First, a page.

Whether emailing, inputting data, or scheduling calls and meetings, the majority of those surveyed said they waste on average four and a half hours a week on time-consuming tasks that they think could be automated.
Not only is the undertaking of such repetitious and mundane tasks a waste of time for employees, and therefore for businesses, but it can also have a negative impact on employees’ motivation and productivity. And the research backs this up with more than half (58%) of those surveyed saying that undertaking such repetitive tasks doesn’t allow them to be as creative as they’d like to be.
“When repetitive, unrewarding tasks are handled by people, it takes time and this can cause delays and reduce both employee and customer satisfaction,” Gavin Mee, Managing Director of UiPath Northern Europe tells Business Chief. “Repetitive tasks can also be tedious, which often leads to stress and an increased likelihood to leave a job.”
And these tasks exist at all levels within an organisation, right up to executive level, where there are “small daily tasks that can be automated, such as scheduling, logging onto systems and creating reports”, adds Mee.
Automation can free employees to focus on higher value work
By automating some or all of these repetitive tasks, employees at whatever level of the organisation are freed up to focus on meaningful work that is creative, collaborative and strategic, something that will not only help them feel more engaged, but also benefit the organisation.
“Automation can free people to do more engaging, rewarding and higher value work,” says Mee, highlighting that 68% of global workers believe automation will make them more productive and 60% of executives agree that automation will enable people to focus on more strategic work. “Importantly, 57% of executives also say that automation increases employee engagement, all important factors to achieving business objectives.”
These aren’t the only benefits, however. One of the problems with employees doing some of these repetitive tasks manually is that “people are fallible and make mistakes”, says Mee, whereas automation boosts accuracy and reduces manual errors by 57%, according to Forrester Research. Compliance is also improved, according to 92% of global organisations.
Repetitive tasks that can be automated
Any repetitive process can be automated, Mee explains, from paying invoices to dealing with enquiries, or authorising documents and managing insurance claims. “The process will vary from business to business, but office workers have identified and created software robots to assist with thousands of common tasks they want automated.”
These include inputting data or creating data sets, a time-consuming task that 59% of those surveyed globally said was the task they would most like to automate, with scheduling of calls and meetings (57%) and sending template or reminder emails (60%) also top of the automation list. Far fewer believed, however, that tasks such as liaising with their team or customers could be automated, illustrating the higher value of such tasks.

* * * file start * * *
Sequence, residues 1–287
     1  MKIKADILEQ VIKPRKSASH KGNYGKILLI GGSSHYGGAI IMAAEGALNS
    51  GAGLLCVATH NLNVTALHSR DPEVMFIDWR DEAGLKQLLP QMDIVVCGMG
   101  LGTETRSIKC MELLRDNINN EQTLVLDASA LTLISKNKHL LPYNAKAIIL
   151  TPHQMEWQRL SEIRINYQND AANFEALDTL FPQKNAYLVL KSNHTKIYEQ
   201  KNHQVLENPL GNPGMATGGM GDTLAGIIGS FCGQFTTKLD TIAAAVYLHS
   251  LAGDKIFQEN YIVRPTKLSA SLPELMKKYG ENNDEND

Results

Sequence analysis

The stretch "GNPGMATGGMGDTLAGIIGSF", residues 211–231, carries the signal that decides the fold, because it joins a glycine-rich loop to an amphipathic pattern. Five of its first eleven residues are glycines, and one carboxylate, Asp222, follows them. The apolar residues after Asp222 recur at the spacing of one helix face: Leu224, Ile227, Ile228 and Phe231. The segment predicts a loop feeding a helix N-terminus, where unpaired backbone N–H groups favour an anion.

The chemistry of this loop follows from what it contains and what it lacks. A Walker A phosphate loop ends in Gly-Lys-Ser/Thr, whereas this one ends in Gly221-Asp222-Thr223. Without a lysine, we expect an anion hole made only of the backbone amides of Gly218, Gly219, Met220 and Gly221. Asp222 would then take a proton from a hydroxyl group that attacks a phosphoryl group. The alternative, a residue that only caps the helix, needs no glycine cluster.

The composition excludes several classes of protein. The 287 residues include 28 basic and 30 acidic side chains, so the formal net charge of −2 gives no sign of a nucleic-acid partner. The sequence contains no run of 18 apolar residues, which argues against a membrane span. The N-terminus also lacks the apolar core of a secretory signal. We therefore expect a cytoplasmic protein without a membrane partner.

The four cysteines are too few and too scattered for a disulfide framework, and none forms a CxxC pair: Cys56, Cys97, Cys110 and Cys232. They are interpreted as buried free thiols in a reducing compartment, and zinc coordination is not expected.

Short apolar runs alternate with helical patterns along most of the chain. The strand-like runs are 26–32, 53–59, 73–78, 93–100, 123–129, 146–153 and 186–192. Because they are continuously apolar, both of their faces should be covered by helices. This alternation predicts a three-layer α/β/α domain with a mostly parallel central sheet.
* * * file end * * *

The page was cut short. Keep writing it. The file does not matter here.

“By employing software robots to undertake such tasks, they can be handled much more quickly,” adds Mee pointing to OTP Bank Romania, which during the pandemic used an automation to process requests to postpone bank loan instalments. “This reduced the processing time of a single request from 10 minutes to 20 seconds, allowing the bank to cope with a 125% increase in the number of calls received by call centre agents.”
Mee says: “Automation accelerates digital transformation, according to 63% of global executives. It also drives major cost savings and improves business metrics, and because software robots can ramp-up quickly to meet spikes in demand, it improves resilience.
Five business areas that can be automated
Mee outlines five business areas where automation can really make a difference.
- Contact centres Whether a customer seeks help online, in-store or with an agent, the entire customer service journey can be automated – from initial interaction to reaching a satisfying outcome
- Finance and accounting Automation enables firms to manage tasks such as invoice processing, ensuring accuracy and preventing mistakes
- Human resources Automations can be used across the HR team to manage things like payroll, assessing job candidates, and on-boarding
- IT IT teams are often swamped in daily activity like on-boarding or off-boarding employees. Deploying virtual machines, provisioning, configuring, and maintaining infrastructure. These tasks are ideal for automation
- Legal There are many important administrative tasks undertaken by legal teams that can be automated. Often, legal professionals are creating their own robots to help them manage this work. In legal and compliance processes, that means attorneys and paralegals can respond more quickly to increasing demands from clients and internal stakeholders. Robots don’t store data, and the data they use is encrypted in transit and at rest, which improves risk profiling and compliance.
“To embark on an automation journey, organisations need to create a Centre of Excellence in which technical expertise is fostered,” explains Mee. “This group of experts can begin automating processes quickly to show return on investment and gain buy-in. This effort leads to greater interest from within the organisation, which often kick-starts a strategic focus on embedding automation.”